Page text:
Pretend you are playing with lego's. The entire structure can be complicated as a whole, but broken down, it's pretty simple. In fact,
once broken down to the individual blocks, the mechanics behind the build are pretty intuitive. Unfortunately the building blocks of
programming languages are not as simple as lego's, but once you start learning to keep looking at the basic blocks, you start to
intuitively get a better grasp of whats efficient and what isn't. It's easier said than done, but this IS the way to view it.
Start by learning the basic types and the general do's/do not's on how to use them. Then use those blocks to build a small, tightly
packed (i.e. efficient) larger lego structure. Now that you have that efficient block put together, you can stop looking at the
underlying specifics behind it every time you need that function, and use it to build and even larger lego structure made up of other
tightly packed, pre-structured code. Now again, easier said than done. I have learned that you will eventually hit parts of code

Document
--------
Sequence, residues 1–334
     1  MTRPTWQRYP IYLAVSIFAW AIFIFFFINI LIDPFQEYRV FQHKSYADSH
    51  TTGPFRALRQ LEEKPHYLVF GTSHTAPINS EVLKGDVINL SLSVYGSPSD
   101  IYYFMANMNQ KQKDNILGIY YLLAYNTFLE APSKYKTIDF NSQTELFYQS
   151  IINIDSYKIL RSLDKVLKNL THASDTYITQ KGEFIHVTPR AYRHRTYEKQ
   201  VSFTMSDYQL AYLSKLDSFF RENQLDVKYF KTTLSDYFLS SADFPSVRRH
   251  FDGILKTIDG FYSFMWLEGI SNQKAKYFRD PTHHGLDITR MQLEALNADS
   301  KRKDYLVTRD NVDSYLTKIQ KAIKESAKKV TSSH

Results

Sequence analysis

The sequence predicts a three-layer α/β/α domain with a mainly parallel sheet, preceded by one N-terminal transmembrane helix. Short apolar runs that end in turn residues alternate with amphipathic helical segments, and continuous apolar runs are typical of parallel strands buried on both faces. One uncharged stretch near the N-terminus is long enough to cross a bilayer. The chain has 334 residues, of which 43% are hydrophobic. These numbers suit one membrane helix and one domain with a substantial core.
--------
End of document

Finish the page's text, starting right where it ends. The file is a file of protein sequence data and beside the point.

where it seems so abstract and non-straight forward, like a dot product can be, that it's hard to find an efficient way to string
together blocks into an efficient struct. It's the same in physics. It's easy to calculate gravitational effects on a baseball thrown
in an arc on earth. It's not so simple to calculate the effects on a baseball thrown into a binary-blackhole system. Sometimes
you'll just run into problems that seem so abstract and removed from a certain paradigm you are use to working on, that it will just
be a mother*******. But remember:
Keep. It. Simple. Stupid.
I constantly have to remind myself of that. I'm extremely tired, and still, I have to retrain myself to break things down like this
no matter how tired or discouraged I am. Once you train to the point that you start noticing that programming certain types
of problems efficiently becomes intuitive, you'll be more motivated and actually possibly come to enjoy sifting through some
forum posts, which were seemingly inane previously, on how to improve this algorithm or that. Patience is a big factor. I am
no where near expert, but I have noticed the more time I invest in the basics instead of trying to skip ahead and make
something, the more I just naturally understand. Having a high level degree, you have already experienced the kind of